It’s telling that The Little Mermaid standard rooms at Art of Animation often sell out at full price, whereas the Cars/Lion King/Finding Nemo family suites are available at discounted rates. That’s not happening because The Little Mermaid rooms are superior. To the contrary, they’re far inferior. It’s because even at a discount, those family suites are still way too expensive for most families. Most are squeezing into the smaller rooms to save money, not out of preference.

That doesn’t mean we won’t see substantial changes made to the Pirate Rooms as they’re converted to ‘under the sea’ accommodations.

As mentioned above, Walt Disney World has made a lot of functional improvements to rooms, with space-saving features and other enhancements that make them feel larger. Adding these while maintaining the same footprint would be the best of both worlds for Disney. It would allow them to charge higher prices for these rooms while maintaining the same number of them in the inventory. This is my expectation.

No matter what, Walt Disney World needs to do something major to these rooms. Repainting the walls blue or green, replacing some soft goods, and adding some fish decals to the pirate beds will not cut it. At the very least, the beds have to go.

Joking aside, the Pirate Rooms are actually infamous. Our original Caribbean Beach Resort Pirate Room Review called them the worst at Walt Disney World. This was for a number of reasons–they’re location far from everything else at Caribbean Beach Resort, the small size of beds, and thin mattresses that literally felt like sleeping on an uneven pile of plastic.

Over the years, we cautioned readers against accepting an “upgrade” to the Pirate Rooms. Even though these rooms had a higher rack rate, they would be a functional downgrade for most guests due to the aforementioned location and comfort level.

In fact, that’s why Walt Disney World converted this section of Caribbean Beach to Pirate Rooms in the first place: to make this remote area of the hotel more appealing, and convince guests to book it. When that didn’t work, Disney would overbook the rest of the resort and hand out free “upgrades” to the Pirate Rooms. It’s the equivalent of getting a free copy of the Cats DVD–sometimes nothing is better than something.

One thing we should note is that the Trinidad section of Caribbean Beach improved tremendously in 2019.

In the time since the Pirate Rooms debuted, so too have the Skyliner and Spyglass Grill. The hub gondola station is directly across the water from the Trinidad section of Caribbean Beach where the Pirate Rooms are located, and they now have a convenient dining option in Spyglass Grill. These are excellent enhancements that truly elevate the Pirate Rooms.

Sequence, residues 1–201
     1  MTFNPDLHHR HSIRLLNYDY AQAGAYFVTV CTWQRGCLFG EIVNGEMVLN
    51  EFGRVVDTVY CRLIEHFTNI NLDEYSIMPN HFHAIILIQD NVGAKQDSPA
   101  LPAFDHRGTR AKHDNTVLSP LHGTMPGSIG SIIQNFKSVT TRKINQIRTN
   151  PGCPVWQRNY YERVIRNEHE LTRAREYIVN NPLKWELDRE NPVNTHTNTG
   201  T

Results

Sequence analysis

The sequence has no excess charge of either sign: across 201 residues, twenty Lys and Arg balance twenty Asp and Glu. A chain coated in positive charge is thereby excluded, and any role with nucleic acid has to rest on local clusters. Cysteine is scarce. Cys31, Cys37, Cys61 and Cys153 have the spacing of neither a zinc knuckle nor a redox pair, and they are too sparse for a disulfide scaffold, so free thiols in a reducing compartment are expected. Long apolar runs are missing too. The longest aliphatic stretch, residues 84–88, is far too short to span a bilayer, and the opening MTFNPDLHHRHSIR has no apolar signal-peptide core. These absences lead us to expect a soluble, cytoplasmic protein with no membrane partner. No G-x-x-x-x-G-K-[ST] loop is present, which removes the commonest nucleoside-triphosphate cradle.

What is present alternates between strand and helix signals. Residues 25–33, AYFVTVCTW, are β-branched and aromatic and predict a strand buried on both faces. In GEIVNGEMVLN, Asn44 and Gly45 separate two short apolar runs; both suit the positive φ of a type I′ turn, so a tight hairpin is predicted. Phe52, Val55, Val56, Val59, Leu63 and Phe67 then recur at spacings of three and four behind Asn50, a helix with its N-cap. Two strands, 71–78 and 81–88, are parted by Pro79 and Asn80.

In other words, if you haven’t stayed in the Pirate Rooms in the last 5 years, things have changed. While still a long walk from the main lobby and feature pool, this area isn’t as undesirable as you remember. It’s not where ‘premium’ rooms would be located if this were a brand new resort being built, but it’s no longer an awful location, either.

Ultimately, it’ll be interesting to see what happens with the Under the Sea style replacing the Pirate Rooms at Disney’s Caribbean Beach Resort. As should be patently obvious from the rambling commentary, I have no clue what the plan is here. It could be an ambitious project that involves knocking down walls and converting standard rooms to family suites, or maybe it’s just going to be a simple refurbishment to remove the swashbuckling soft goods.

Personally, I think it’ll be on the smaller-scale end of the spectrum. Not simply swapping out a new style–I suspect it’ll be more substantive than that–but I’m still skeptical that Disney will want to invest a ton of money into these room redos. Eventually, this is prime real estate for a tower resort. It might not happen this decade, but it will someday. With the monorail loop only able to sustain so much development, more will be built around the Skyliner in due time. Replacing the Trinidad buildings at Caribbean Beach with a tower makes too much sense for it to never happen.

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Are you excited for an ‘Under the Sea’ style replacing the Pirate Rooms at Disney’s Caribbean Beach Resort? Will your enthusiasm depend upon whether these are family suites or standard rooms that sleep 5? Think this will be a garden variety room refurbishment, or something more? Does the nearby Skyliner hub change your perspective on the Trinidad section of CBR? Do you agree or disagree with my assessment that this real estate is too ‘prime’ to remain part of Caribbean Beach forever? Any questions we can help you answer? Hearing your feedback–even when you disagree with us–is both interesting to us and helpful to other readers, so please share your thoughts below in the comments!

13 Responses to “New ‘Under the Sea’ Style Replacing Pirate Rooms at Caribbean Beach Resort”
  1. Amy February 7, 2023